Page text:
itinerancy









itinerancy


itinerancy [ahy-tin-er-uh n-see, ih-tin-] ExamplesWord Origin noun

  1. the act of traveling from place to place.
  2. a going around from place to place in the discharge of duty or the conducting of business.
  3. a body of itinerants, as ministers, judges, or sales representatives.
  4. the state of being itinerant.
  5. the system of rotation governing the ministry of the Methodist Church.

Also i·tin·er·a·cy [ahy-tin-er-uh-see, ih-tin-] /aɪˈtɪn ər ə si, ɪˈtɪn-/. Origin of itinerancy First recorded in 1780–90; itiner(ant) + -ancy Examples from the Web for itinerancy Historical Examples of itinerancy

  • “Chosen field” had reference to the itinerancy, not matrimony.

    A Circuit Rider’s Wife

    Corra Harris

  • But it is in the itinerancy as it is in other walks of life.

    A Circuit Rider’s Wife

    Corra Harris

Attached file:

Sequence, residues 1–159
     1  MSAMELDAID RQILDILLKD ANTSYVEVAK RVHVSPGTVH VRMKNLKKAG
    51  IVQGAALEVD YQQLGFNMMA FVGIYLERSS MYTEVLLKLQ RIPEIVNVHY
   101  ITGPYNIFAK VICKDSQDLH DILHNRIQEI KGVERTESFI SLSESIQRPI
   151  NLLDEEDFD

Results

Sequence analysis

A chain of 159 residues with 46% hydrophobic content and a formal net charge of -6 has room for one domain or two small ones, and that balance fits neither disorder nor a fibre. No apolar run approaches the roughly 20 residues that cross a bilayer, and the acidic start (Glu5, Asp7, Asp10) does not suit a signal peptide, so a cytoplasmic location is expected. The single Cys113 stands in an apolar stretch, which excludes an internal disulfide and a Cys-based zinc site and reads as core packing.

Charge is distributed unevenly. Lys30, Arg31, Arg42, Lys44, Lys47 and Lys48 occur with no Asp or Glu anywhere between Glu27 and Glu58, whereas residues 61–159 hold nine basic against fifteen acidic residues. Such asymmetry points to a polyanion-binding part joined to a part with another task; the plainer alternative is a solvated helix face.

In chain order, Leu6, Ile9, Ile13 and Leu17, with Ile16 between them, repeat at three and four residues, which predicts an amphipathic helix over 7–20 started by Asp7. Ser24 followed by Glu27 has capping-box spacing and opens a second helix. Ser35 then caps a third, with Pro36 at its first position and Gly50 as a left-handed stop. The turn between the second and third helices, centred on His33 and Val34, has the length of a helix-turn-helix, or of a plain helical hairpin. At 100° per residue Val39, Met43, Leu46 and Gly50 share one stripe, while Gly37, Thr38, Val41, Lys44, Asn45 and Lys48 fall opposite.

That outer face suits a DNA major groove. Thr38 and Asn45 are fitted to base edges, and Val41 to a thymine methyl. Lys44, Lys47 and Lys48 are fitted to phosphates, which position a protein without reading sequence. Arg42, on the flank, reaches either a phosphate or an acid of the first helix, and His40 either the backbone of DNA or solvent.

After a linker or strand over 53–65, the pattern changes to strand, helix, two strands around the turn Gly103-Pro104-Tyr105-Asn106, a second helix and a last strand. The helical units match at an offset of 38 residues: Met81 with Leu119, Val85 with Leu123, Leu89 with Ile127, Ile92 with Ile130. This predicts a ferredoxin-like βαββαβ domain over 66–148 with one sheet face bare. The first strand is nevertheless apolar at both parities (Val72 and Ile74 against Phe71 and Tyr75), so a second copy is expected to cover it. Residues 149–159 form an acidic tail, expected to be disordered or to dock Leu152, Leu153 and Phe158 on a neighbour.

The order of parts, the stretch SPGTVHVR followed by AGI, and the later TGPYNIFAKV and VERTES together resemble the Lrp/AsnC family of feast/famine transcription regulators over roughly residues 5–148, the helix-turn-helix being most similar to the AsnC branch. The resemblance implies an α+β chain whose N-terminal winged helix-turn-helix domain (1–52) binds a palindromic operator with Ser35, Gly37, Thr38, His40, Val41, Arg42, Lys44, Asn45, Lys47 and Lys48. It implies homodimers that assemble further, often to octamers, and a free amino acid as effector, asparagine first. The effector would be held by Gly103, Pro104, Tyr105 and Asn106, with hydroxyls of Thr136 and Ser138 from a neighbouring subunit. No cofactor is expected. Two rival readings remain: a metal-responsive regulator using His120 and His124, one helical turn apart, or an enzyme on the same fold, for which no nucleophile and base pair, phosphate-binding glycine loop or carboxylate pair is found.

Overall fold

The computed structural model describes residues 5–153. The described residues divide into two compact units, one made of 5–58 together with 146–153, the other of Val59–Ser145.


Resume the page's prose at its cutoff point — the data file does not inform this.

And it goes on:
• But when one has been in the Methodist itinerancy a lifetime one cannot do that.

    A Circuit Rider’s Wife

    Corra Harris

  • His belief in itinerancy had its roots in his temperament, as well as in his judgment.

    Fletcher of Madeley

    Frederic W. Macdonald

  • But it is more manifestly so, perhaps, in the Itinerancy, than in any other.

    Thirty Years in the Itinerancy

    Wesson Gage Miller

  • British Dictionary definitions for itinerancy itinerancy itineracy noun

    1. the act of itinerating
    2. mainly Methodist Church the system of appointing a minister to a circuit of churches or chapels
    3. itinerants collectively

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